Ever since high school, I've had an idea for a certain game bouncing about in my head. Granted, it's nothing at all special or new; the programming class I took in high school required that we make a game using the programming language we were learning (Turing, in this case). The game I attempted to make was "Capture The Frog", a mix of Frogger and Capture the Flag. Each player was a frog on opposite sides of a highway and river, and each player had to get to the other player's starting point, grab the flag, and head back to its own starting point to get a point. With Turing at the time, I managed to get the player control working, the highway's cars and river's logs moving, and the scoring system working, but the collision was always a hassle. Collisions for everything but the river worked; even if a player jumped on a log, the game would count it as a death. It was something I was never able to fix in the class, so I submitted what I had, and moved on.
The end of 2009 and my first term in college, though, brought this little experiment back into mind. I had just been taught the bare essentials of Adobe Flash CS4's ActionScript 3, and alongside my introductory knowledge of C++ programming from my one-year stint in university, I felt confident that I could slap together my first honest-to-goodness game (with a menu and everything) during the break between terms. When deciding what to make it about, Capture The Frog instantly shot into my mind since I could never get it fully working. It would be killing two birds with one stone; finally closing the book on that old game, and making my first real game (which would also be my first Flash game).
I made good progress during the break, but development time went into the start of 2010 and my second term as well. This was mainly due to feature creep; the initial Turing game was a two player competitive game, but I had decided that this version would have the option of a computer-controlled player 2 as well. I also decided to add sound/music and a timer. Additionally, I came into contact with the website of one of my professors – Ryan Creighton of Untold Entertainment Inc. – and while browsing through found an interesting series of posts about monetizing a Flash game (Pimp My Game). This inspired me to add MochiMedia ads to my game even though I knew I would make next to nothing (if not purely nothing). By the time I was done with all of this, it was coming close to February, so I made a deal with myself that February first would be my release date.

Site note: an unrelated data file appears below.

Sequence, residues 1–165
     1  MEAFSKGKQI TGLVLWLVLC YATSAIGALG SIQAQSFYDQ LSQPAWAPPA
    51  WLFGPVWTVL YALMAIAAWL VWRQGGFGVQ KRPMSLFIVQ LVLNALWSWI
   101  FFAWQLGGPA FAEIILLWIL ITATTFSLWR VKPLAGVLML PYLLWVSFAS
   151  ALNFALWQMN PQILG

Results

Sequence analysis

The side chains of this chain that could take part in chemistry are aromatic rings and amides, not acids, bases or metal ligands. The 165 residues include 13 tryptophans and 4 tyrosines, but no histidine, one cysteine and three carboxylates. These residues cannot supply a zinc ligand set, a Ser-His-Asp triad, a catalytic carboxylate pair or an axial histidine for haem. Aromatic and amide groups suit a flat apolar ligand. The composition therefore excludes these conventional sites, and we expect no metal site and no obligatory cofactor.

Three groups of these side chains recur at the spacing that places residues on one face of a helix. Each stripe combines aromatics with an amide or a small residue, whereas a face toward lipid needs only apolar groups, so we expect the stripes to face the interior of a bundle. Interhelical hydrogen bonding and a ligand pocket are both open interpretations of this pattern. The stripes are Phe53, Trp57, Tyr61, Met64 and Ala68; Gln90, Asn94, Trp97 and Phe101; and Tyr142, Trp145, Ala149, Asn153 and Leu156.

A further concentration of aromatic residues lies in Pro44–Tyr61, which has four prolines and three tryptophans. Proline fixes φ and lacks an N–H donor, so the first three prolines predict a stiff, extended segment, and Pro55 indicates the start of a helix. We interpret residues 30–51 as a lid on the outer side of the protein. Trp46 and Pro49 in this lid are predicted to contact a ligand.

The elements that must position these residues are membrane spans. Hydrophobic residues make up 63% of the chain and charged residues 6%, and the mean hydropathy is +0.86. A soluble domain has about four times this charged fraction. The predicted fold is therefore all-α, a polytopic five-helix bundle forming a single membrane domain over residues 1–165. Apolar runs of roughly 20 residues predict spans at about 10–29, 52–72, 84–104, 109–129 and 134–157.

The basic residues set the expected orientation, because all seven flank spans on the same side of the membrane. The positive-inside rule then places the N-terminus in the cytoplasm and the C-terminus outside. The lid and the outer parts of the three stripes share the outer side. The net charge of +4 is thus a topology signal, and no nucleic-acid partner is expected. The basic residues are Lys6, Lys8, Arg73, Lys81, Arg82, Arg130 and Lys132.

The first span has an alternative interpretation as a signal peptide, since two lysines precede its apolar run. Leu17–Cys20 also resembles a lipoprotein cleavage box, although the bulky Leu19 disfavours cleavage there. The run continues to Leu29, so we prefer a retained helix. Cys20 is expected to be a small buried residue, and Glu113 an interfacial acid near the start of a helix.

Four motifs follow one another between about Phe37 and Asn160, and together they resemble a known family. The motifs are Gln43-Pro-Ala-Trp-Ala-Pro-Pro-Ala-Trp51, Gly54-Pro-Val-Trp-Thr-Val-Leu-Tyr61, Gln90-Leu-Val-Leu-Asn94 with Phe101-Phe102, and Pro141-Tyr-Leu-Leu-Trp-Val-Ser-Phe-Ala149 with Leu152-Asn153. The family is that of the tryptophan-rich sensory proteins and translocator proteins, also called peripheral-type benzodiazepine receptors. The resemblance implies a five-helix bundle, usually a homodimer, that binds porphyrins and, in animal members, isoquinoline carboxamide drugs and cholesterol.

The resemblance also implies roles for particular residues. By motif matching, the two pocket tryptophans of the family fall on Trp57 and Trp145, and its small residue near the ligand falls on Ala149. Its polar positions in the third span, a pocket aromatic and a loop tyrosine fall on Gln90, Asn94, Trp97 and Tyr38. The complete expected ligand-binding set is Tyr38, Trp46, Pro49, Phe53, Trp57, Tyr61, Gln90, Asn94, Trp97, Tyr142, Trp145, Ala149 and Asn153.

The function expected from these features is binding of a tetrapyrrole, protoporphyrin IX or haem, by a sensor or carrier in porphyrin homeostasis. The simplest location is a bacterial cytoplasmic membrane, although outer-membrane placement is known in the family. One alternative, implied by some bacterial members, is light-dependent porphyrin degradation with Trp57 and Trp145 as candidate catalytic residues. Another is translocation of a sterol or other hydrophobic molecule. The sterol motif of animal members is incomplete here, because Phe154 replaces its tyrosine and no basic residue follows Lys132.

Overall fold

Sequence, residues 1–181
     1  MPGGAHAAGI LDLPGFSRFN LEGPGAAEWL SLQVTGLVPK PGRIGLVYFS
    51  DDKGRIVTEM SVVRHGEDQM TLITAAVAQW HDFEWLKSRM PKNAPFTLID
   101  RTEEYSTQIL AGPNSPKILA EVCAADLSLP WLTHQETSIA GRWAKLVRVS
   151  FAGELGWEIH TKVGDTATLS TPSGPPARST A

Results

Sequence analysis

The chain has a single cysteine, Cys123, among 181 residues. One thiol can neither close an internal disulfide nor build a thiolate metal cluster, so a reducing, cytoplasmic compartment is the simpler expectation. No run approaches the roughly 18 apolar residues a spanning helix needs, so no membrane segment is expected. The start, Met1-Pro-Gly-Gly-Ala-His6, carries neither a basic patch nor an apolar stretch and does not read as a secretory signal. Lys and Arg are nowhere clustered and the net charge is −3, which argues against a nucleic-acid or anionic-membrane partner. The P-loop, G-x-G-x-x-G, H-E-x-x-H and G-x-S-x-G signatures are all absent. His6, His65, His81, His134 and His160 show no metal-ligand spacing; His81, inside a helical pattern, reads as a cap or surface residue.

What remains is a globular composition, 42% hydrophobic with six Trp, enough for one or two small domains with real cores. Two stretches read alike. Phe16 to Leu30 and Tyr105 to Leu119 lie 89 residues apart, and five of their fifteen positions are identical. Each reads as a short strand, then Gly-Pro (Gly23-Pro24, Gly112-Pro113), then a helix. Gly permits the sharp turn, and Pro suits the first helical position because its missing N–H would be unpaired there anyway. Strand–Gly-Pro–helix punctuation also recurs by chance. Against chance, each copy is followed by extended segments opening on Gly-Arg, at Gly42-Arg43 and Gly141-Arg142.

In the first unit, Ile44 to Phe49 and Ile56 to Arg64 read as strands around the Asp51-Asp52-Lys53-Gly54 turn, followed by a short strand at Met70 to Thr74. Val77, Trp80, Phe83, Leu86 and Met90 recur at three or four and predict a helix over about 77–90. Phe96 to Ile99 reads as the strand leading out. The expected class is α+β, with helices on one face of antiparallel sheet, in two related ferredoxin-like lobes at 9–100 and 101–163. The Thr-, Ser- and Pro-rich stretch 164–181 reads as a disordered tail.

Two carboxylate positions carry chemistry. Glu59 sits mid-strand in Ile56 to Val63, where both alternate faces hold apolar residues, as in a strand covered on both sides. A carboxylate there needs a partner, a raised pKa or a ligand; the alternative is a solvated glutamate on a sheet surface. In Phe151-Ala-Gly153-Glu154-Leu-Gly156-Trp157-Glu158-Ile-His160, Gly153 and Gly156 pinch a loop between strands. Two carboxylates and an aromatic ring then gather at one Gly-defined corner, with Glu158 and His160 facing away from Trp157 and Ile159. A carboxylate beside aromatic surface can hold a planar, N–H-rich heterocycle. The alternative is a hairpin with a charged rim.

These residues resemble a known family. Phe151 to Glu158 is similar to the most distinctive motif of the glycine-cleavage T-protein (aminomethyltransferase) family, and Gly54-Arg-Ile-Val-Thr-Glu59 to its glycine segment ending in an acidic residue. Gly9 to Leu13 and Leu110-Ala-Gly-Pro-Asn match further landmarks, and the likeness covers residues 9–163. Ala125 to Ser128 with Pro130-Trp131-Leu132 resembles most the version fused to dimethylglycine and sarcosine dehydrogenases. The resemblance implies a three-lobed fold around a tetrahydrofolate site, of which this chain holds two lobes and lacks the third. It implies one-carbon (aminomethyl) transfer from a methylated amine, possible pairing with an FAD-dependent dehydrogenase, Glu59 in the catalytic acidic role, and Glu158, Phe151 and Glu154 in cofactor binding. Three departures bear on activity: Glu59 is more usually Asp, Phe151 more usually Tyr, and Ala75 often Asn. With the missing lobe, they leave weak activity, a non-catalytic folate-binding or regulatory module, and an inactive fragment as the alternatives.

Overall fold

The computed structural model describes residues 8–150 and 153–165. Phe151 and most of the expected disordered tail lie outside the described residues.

Oh how I was punished for my hubris.
The weekend before February first, my computer decides to barf up some blue screens. This almost derailed everything, but after taking the weekend to figure things out, I managed to salvage my laptop and submit my game to various places on the planned date.
Bullet == dodged.
So the game is now online at Newgrounds (game is here) and Kongregate (game is here). I have also submitted it to MindJolt and am awaiting to see if they deem it worthy of hosting (I will update this with a link if it works out) (*EDIT* MindJolt didn't accept my application. Oh well. *END EDIT*).
And thus, after all these years, Capture The Frog finally makes its way into a working version. This humbly begins my game-making career, and I am excited. Yes, this game is pretty crappy (hell, it doesn't even use classes) and more of an experiment in making a game than anything else, but it's there.
Play it, enjoy, and drop some feedback if you want. In the meantime, I must work on my various assignments for this second term. One of those assignments is another Flash game, so expect to see that April-ish (I think that's when the term ends).
(SIDENOTE: I also made a Tenacious D Flash animation a while back that I have not mentioned as of yet. It can be found here.)
I whipped together a gameplay video. Here it is:
(Direct YouTube Link)